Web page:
Mutts of the Masters

Breakup of the Boating Party from Michael Patrick’s book Mutts of the Masters

When some friends gave me the 1996 book Mutts of the Masters by Michael Patrick, I thought it was just an overview of famous paintings that include dogs, such as the Phillips’s masterpiece by Renoir, Luncheon of the Boating Party. But as I flipped through the pages, the truth was exposed–Renoir’s real painting features another, much bigger dog with the title Breakup of the Boat Party.

 

 

Pas De Deux from Michael Patrick’s from Mutts of the Masters

Okay, the book is a satire (and a very amusing one at that) of historical art treasures overrun by dogs (and the occasional cat). Another Phillips masterpiece, Edgar Degas’s Dancers at the Barre, is also featured, only in this version titled Pas De Deuxa froofy French poodle dances (or otherwise conducts her business) in the lower right corner.

Van Gogh: The Life

Vincent van Gogh, The Road Menders, 1889. Oil on canvas, 29 x 36 1/2 in. The Phillips Collection, Washington, D.C. Acquired 1949.

Vincent van Gogh, The Road Menders, 1889. Oil on canvas, 29 x 36 1/2 in. The Phillips Collection, Washington, D.C. Acquired 1949.

This is the succinct title of Steven Naifeh and Gregory White Smith’s biography of the iconic Dutchman (Random House, 2011). The title is the only thing succinct about this thoroughly detailed and well-researched 953-page tome. Unlike generations of publications probing the artist’s posthumous fame, what artistic movement he should be associated with, and his work’s meaning, The Life focuses on Vincent van Gogh’s life and times.

Naifeh and Smith, acclaimed for their 1991 biography about Jackson Pollock, have again produced a myth-busting account of an artist who lived hard, died young, and suffered for his art. Readers suffer with him as the biography so completely documents van Gogh’s many disappointments and the guilt and remorse he felt towards his family. The authors demonstrate greatest empathy for van Gogh’s family, especially his younger brother Theo. They make the case that without Theo’s ongoing financial and emotional support and his strategic position as a mainstream art dealer, we would almost certainly not know of van Gogh’s art today.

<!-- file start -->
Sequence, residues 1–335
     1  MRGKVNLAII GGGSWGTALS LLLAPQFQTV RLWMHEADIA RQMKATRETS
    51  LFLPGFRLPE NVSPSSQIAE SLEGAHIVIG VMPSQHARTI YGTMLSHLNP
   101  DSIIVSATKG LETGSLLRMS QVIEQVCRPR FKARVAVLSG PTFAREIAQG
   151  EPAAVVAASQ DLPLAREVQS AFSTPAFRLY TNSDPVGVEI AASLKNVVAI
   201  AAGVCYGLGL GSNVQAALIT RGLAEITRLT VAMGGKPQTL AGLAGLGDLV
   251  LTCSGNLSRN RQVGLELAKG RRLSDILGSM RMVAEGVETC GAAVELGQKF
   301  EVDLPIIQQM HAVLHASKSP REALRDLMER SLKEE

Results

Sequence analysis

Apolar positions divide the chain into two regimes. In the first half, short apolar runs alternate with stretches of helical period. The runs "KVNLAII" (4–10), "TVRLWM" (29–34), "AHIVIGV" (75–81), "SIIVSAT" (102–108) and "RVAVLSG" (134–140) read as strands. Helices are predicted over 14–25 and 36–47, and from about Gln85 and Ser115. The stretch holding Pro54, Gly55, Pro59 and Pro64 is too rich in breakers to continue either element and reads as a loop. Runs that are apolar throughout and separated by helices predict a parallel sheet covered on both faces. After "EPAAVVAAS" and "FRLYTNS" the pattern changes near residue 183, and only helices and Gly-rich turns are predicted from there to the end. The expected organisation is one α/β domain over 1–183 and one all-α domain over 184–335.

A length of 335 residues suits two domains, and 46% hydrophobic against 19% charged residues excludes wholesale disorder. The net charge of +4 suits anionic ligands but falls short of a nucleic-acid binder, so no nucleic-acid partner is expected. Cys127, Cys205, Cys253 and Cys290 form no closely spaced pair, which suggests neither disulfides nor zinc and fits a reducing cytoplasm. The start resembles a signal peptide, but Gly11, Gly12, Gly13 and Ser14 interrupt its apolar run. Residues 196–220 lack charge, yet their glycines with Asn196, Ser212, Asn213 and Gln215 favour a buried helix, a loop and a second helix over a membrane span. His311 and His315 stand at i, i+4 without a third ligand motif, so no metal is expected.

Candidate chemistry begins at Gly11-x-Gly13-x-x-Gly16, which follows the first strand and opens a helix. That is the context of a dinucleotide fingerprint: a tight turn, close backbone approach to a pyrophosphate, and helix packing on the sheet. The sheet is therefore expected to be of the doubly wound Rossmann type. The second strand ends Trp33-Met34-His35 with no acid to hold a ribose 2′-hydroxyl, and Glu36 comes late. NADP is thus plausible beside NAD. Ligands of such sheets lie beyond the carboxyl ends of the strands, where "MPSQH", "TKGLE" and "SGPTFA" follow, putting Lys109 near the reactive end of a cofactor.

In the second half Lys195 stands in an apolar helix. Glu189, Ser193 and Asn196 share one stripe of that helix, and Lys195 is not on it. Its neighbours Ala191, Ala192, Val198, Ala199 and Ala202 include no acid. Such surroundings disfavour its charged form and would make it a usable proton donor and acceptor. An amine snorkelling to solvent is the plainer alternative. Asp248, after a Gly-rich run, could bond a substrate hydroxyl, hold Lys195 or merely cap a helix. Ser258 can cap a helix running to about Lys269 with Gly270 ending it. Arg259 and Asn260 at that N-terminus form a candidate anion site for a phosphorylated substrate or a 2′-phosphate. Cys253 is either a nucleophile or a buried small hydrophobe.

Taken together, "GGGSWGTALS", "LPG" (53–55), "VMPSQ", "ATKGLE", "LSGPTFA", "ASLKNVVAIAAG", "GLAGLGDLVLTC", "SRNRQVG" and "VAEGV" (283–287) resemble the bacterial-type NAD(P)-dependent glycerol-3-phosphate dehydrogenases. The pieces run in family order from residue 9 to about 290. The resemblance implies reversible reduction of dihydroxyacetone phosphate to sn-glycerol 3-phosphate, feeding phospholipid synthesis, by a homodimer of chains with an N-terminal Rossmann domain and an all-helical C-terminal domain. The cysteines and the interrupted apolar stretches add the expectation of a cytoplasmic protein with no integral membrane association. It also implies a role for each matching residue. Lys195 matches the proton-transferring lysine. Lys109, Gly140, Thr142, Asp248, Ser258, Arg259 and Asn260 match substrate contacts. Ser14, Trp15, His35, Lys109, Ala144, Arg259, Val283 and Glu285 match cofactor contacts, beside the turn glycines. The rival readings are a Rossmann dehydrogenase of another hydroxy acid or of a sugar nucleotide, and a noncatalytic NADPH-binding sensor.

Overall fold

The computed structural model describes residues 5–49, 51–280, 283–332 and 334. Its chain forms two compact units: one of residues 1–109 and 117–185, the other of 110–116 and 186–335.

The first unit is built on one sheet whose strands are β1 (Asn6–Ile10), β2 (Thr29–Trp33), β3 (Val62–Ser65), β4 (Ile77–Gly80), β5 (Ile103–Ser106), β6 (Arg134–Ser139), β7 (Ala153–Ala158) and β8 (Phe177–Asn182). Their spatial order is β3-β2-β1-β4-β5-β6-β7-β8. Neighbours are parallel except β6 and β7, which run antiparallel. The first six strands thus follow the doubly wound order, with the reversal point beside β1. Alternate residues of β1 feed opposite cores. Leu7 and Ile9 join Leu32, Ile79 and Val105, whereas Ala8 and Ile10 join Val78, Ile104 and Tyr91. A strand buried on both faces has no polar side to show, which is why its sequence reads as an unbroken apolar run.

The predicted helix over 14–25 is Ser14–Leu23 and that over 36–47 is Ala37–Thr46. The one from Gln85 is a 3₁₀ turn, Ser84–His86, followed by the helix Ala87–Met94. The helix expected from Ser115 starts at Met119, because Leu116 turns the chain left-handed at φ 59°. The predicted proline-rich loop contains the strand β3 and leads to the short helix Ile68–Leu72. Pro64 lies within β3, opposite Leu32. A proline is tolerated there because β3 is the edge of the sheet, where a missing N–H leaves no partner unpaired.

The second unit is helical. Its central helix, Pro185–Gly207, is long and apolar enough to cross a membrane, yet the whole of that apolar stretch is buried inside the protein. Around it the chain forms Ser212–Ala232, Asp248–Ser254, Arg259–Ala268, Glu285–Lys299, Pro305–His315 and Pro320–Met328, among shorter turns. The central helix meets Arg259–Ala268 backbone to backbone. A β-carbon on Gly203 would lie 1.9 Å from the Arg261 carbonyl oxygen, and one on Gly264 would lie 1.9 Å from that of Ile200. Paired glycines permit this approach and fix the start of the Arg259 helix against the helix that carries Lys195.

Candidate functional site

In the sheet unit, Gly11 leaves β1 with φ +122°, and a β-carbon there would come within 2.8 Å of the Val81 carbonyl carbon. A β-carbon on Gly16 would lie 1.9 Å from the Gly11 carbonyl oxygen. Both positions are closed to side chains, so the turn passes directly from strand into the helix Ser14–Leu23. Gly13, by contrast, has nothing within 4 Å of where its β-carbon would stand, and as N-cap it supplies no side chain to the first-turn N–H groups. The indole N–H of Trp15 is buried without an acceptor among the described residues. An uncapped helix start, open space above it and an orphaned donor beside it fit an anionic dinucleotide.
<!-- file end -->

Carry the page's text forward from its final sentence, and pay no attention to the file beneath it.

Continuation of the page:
The following adjectives describe Vincent’s behavior: mad, depressed, delusional, defensive, paranoid, envious, bizarre, isolated. The authors, like Vincent’s family, seem driven to their wits’ end by him, writing: “But Vincent could not be satisfied. Every attempt at appeasement was met with greater and greater provocation as he focused the anger of a lifetime on his captive captors (his parents). He saw only criticism in their gifts . . . and condescending indulgence in their courtesies.” Continue reading “Van Gogh: The Life” »

Seeing in a New Way

Oskar Kokoschka, Portrait of Lotte Franzos, 1909

Oskar Kokoschka, Portrait of Lotte Franzos, 1909. Oil on canvas, 45 1/4 x 31 1/4 in. The Phillips Collection, Washington, D.C. Acquired 1941.

When Lotte Franzos came to see her portrait by Oskar Kokoschka, the artist said “ Your portrait shocked you; I saw that. Do you think the human being stops at the neck in the effect it  has on me? . . . ”

Do you want to know more about what motivated Kokoschka to paint Lotte Franzos the way he did?

A compelling and perceptive view on just that question is in a new book by Eric Kandel, Nobel Prize-winning neuroscientist, titled The Age of Insight : The Quest to Understand the Unconscious in  Art, Mind, and Brain, from Vienna 1900 to the Present.

The Age of Insight book cover

The Age of Insight book cover

Kandel views art through multiple, powerful lenses:  turn-of-the-century Vienna’s cultural mores and psychological insights. Looking back to the early 20th century, Kandel cites the proximity of the Vienna Medical Museum, the Sigmund Freud Museum (in Freud’s former apartment), and the Upper Belvedere museum, which houses a renowned collection of paintings by Gustav Klimt, Oskar Kokoschka, and Egon Schiele. The Vienna School of Medicine in 1900 led the way to discovering what was beneath the surface of the body just as Freud probed the unconscious. These scientific and psychological explorations were reflected in art. Kandel’s argument absorbs even later discoveries in cognitive science. He writes, “In art, as in science . . . reductionism does not trivialize our perception—of color, light, and perspective—but allows us to see each of these components in a new way.”

Lisa Leinberger, Volunteer Coordinator